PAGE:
Elizabeth was just turned twenty-two, and was an orphan. Her father had been less of a drunkard than his brother Tom, but he was a man of similar stamp. He was a tea-broker, and his fortunes fluctuated greatly, but he was by nature too optimistic to put money aside in prosperous phases. Elizabeth’s mother had been an incapable, half-baked, vapouring, self-pitying woman who shirked all the normal duties of life on the strength of sensibilities which she did not possess. After messing about for years with such things as Women’s Suffrage and Higher Thought, and making many abortive attempts at literature, she had finally taken up with painting. Painting is the only art that can be practised without either talent or hard work. Mrs Lackersteen’s pose was that of an artist exiled among ‘the Philistines’ — these, needless to say, included her husband — and it was a pose that gave her almost unlimited scope for making a nuisance of herself.
The inevitable crash came late in 1919. Elizabeth was taken away from school, to continue her education at a succession of cheap, beastly schools, with gaps of a term or two when her father could not pay the fees. He died when she was twenty, of influenza. Mrs Lackersteen was left with an income of £150 a year, which was to die with her. The two women could not, under Mrs Lackersteen’s management, live on three pounds a week in England. They moved to Paris, where life was cheaper and where Mrs Lackersteen intended to dedicate herself wholly to Art.
Paris! Living in Paris! Flory had been a little wide of the mark when he pictured those interminable conversations with bearded artists under the green plane trees. Elizabeth’s life in Paris had not been quite like that.
Her mother had taken a studio in the Montparnasse quarter, and relapsed at once into a state of squalid, muddling idleness. She was so foolish with money that her income would not come near covering expenses, and for several months Elizabeth did not even have enough to eat.
It was a mean, beastly existence. In fact, it reached levels of ‘beastliness’ which Elizabeth had not previously known to exist. But the thing that most depressed her, most filled her with the sense of sinking into some horrible lower world, was her mother’s studio. Mrs Lackersteen was one of those people who go utterly to pieces when they are deprived of servants. She lived in a restless nightmare between painting and housekeeping, and never worked at either. At irregular intervals she went to a ‘school’ where she produced greyish still-lifes under the guidance of a master whose technique was founded on dirty brushes; for the rest, she messed about miserably at home with teapots and frying-pans. The state of her studio was more than depressing to Elizabeth; it was evil, Satanic. It was a cold, dusty pigsty, with piles of books and papers littered all over the floor, generations of saucepans slumbering in their grease on the rusty gas-stove, the bed never made till afternoon, and everywhere — in every possible place where they could be stepped on or knocked over — tins of paint-fouled turpentine and pots half full of cold black tea. You would lift a cushion from a chair and find a plate holding the remains of a poached egg underneath it. As soon as Elizabeth entered the door she would burst out:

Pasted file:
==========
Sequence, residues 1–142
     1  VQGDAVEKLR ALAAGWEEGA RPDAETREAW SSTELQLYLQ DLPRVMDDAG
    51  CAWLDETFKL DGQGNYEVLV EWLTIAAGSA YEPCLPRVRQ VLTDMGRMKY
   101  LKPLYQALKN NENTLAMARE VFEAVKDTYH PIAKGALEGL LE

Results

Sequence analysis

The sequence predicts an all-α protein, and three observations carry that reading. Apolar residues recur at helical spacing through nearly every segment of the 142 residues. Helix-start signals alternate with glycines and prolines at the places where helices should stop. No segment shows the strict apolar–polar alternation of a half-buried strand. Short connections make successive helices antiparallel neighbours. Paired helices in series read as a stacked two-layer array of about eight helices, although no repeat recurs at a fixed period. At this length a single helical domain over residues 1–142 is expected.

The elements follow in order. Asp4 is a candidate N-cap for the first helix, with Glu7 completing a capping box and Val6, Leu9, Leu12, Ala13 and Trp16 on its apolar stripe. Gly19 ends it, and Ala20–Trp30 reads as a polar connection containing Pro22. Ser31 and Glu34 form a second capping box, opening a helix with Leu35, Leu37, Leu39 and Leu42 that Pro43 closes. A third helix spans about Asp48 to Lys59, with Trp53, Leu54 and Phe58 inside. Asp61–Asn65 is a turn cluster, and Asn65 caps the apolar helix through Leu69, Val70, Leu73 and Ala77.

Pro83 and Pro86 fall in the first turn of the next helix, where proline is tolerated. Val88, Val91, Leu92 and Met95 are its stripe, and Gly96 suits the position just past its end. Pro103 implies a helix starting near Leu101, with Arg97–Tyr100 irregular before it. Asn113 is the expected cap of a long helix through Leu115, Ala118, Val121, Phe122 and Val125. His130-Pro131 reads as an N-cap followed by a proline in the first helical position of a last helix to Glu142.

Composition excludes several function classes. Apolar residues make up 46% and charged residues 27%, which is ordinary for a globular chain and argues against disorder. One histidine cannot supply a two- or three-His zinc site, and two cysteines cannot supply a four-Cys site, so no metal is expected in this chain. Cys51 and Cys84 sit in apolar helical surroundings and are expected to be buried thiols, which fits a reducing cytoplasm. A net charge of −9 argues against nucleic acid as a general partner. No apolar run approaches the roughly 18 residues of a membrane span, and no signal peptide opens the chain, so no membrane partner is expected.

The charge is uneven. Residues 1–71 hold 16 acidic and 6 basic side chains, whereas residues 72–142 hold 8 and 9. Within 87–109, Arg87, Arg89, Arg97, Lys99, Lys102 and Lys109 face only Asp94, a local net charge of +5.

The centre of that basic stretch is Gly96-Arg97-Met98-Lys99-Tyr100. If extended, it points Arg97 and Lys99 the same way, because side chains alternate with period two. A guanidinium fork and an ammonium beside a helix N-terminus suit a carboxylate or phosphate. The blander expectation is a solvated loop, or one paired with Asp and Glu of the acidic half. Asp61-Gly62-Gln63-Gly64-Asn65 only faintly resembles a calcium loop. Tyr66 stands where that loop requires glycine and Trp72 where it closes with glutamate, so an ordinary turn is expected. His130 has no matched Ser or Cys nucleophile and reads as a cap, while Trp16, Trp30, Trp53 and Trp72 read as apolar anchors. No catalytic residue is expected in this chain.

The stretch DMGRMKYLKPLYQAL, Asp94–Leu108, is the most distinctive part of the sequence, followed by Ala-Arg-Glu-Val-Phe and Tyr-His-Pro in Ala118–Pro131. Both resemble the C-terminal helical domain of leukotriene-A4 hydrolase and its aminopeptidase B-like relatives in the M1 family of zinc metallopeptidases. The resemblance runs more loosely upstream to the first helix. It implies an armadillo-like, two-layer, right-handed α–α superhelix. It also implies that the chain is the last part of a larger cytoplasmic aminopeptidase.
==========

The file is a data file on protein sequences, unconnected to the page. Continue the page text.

‘Oh, Mother, Mother dearest, how can you? Look at the state of this room! It is so terrible to live like this!’
‘The room, dearest? What’s the matter? Is it untidy?’
‘Untidy! Mother, need you leave that plate of porridge in the middle of your bed? And those saucepans! It does look so dreadful. Suppose anyone came in!’
The rapt, other-worldly look which Mrs Lackersteen assumed when anything like work presented itself, would come into her eyes.
‘None of my friends would mind, dear. We are such Bohemians, we artists. You don’t understand how utterly wrapped up we all are in our painting. You haven’t the artistic temperament, you see, dear.’
‘I must try and clean some of those saucepans. I just can’t bear to think of you living like this. What have you done with the scrubbing-brush?’
‘The scrubbing-brush? Now, let me think, I know I saw it somewhere. Ah yes! I used it yesterday to clean my palette. But it’ll be all right if you give it a good wash in turpentine.’
Mrs Lackersteen would sit down and continue smudging a sheet of sketching paper with a Conté crayon while Elizabeth worked.
‘How wonderful you are, dear. So practical! I can’t think whom you inherit it from. Now with me, Art is simply everything. I seem to feel it like a great sea surging up inside me. It swamps everything mean and petty out of existence. Yesterday I ate my lunch off Nash’s Magazine to save wasting time washing plates. Such a good idea! When you want a clean plate you just tear off a sheet,’ etc., etc., etc.